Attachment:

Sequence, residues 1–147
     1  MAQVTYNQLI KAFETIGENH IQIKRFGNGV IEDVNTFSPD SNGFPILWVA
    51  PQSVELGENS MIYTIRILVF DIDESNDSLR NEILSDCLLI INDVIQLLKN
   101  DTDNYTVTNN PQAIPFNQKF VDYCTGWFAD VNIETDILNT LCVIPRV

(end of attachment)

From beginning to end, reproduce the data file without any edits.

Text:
Sequence, residues 1–147
     1  MAQVTYNQLI KAFETIGENH IQIKRFGNGV IEDVNTFSPD SNGFPILWVA
    51  PQSVELGENS MIYTIRILVF DIDESNDSLR NEILSDCLLI INDVIQLLKN
   101  DTDNYTVTNN PQAIPFNQKF VDYCTGWFAD VNIETDILNT LCVIPRV